Primary Navigation Mobile

Audi A7 RS7 Sportback review

2020 onwards (change model)
Parkers overall rating: 4.5 out of 54.5
” Range-topper combines coupe styling, practicality and monstrous performance “

At a glance

Price new £118,545 - £135,945
Used prices £46,062 - £103,512
Road tax cost £570
Insurance group 50
Get an insurance quote with Mustard logo
Fuel economy 22.1 - 23.2 mpg
Miles per pound 3.2 - 3.4
View full specs for a specific version

Available fuel types


Pros & cons

  • Striking looks, soundtrack and road presence
  • Huge performance and strong practicality
  • More agile handling than you’d expect
  • Is this a car you want on 70mph-limited motorways?
  • Big V8 means big fuelling and running costs
  • Stiff and jittery ride in Dynamic mode

Written by Keith Adams Published: 24 September 2019 Updated: 24 September 2019


The Audi RS 7 Sportback is unlikely to sell in anything other than limited numbers. And it’s equally unlikely that you’ll get any opportunity in the UK to even scratch the surface of its massive range of abilities. But despite that, this range-topping Audi is hugely important for the company, because as one of its RS-badged halo models, it’s going to help sell a lot of everyday Audis by injecting a little bit of filtered-down excitement.

The RS 7 is closely related to the RS 6 Avant. Just like its estate-bodied sister car, this five-door Coupe promises to combine huge reserves of all-round usability and performance, decent amounts of room inside, and a long-legged ability to cross continents in a single hop. The second-generation RS 7 has moved on significantly in tech terms over its predecessor, which in a fast-moving world was something of a necessity.

It’s up against some very impressive – and predictably German – rivals. There’s no way that someone contemplating one of these cars won’t also be considering the Mercedes-AMG GT four-door coupe, the BMW M8 Gran Sport and the Porsche Panamera. That opposition isn’t exactly going to be a pushover, but Audi’s mix of tech, sledgehammer performance and striking looks may well be enough to encourage buyers to stick with their four-ringed warrior.

What’s new in this one?

The formula remains pretty much the same as before, but with the latest Audi styling and tech to differentiate this one. This supercoupe has been engineered to be even more accomplished for everyday use than the last one – and for the first time it can now be specified with a three-person wide rear bench, taking its occupant count to the full five.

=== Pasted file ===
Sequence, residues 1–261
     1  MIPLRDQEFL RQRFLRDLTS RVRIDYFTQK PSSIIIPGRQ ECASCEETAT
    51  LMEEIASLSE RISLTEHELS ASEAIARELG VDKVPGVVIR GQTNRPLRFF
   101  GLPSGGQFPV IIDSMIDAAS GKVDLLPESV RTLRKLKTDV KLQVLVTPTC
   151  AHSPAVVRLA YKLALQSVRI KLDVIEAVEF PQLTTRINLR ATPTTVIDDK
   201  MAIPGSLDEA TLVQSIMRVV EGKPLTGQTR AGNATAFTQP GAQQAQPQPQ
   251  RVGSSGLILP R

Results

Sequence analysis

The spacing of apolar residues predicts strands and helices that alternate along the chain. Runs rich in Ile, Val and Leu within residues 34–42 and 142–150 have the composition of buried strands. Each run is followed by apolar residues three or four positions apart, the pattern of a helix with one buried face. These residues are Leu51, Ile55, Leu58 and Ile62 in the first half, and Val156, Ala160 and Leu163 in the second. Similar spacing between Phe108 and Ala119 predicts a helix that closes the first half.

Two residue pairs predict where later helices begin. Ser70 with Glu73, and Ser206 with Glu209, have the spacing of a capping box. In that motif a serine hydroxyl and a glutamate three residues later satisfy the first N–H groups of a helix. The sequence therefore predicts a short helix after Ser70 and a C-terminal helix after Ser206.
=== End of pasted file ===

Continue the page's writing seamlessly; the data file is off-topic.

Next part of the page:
Separating this car from the standard model is an overhaul of the exterior design – the bonnet, roof, front doors and the bootlid remain, but everything else is RS specific. That means it’s wider and more aggressive than the standard A7, and is dripping with road presence. You now get a three-dimensional honeycomb grille and the large front air inlets and fins that flank it, all finished in gloss black. It’s a very successful visual transformation, and one of the first where Audi’s widescreen grinning grille doesn’t look too overbearing.

Around the back there’s the distinctive RS exhaust system with its large oval tailpipes, plus a new bumper and rear diffuser pairing, and a bootlid spoiler that pops up at 62mph. The badges are gloss-black, and the standard wheel size is a scarcely-believable 22-inches. Good for UK and its pothole-ridden roads and high kerbs? What do you think…

Audi RS 7 Sportback (2020) interior and dashboard

Under the bonnet – where it’s most special

Just like the RS 6, the RS 7’s crowning glory is what lies under the bonnet. Without doubt, the heart and soul of its vast performance – that mighty V8 – has been modified over the last RS 7 to offer the holy grail of improved performance and economy. Audi has eschewed standard industry practice of downsizing in its performance variants, so no more to a V6 or hybrid, it remains as it was. It will be interesting to see how long it will remain in production for.

The 4.0-litre TFSI that powers the Audi RS 7 Sportback is an astonishing engine, and capable of generating some amazing numbers for its comparatively-modest capacity. Maximum power is 600hp and there’s 800Nm of torque on tap from 2,050 to 4,500rpm. With that much pulling power available, Audi says that it’s as easy and relaxing to drive as any other A7.

Claimed acceleration is impressive, with a 0-62mph time of 3.6 seconds and a maximum speed limited to 174mph with the Dynamic package, and to 189mph with the Dynamic plus package. Not that either is particularly useful in the UK.

Decent economy and emissions… for the performance

A 48-volt mild-hybrid electrical system means a claimed 24mpg and 261-265g/km of CO2 is possible thanks to the ability to shut down half of the engine’s cylinders in periods of low demand (Cylinder on Demand or COD for short), and even coast along under its own momentum. As we found out on the road, this actually has quite a refining effect in day-to-day driving.

An eight-speed Tiptronic automatic transmission is standard, as of course is Quattro permanent four-wheel drive, which can send up to 70% of power to the front wheels and up to 85% to the rears depending on your style of driving. For the UK’s mixed weather conditions, this is added security as well as meaning its vast power is successfully harnessed. On paper, this amount of power and grip, allied with a family-friendly interior makes the RS7 potentially the answer to every well-heeled petrolhead’s wants in a car.

Read on to see if the Audi RS 7 really is that good, including our driving impressions from driving a left-hand drive model in Germany.

Audi RS 7 Sportback (2020), driving from the rear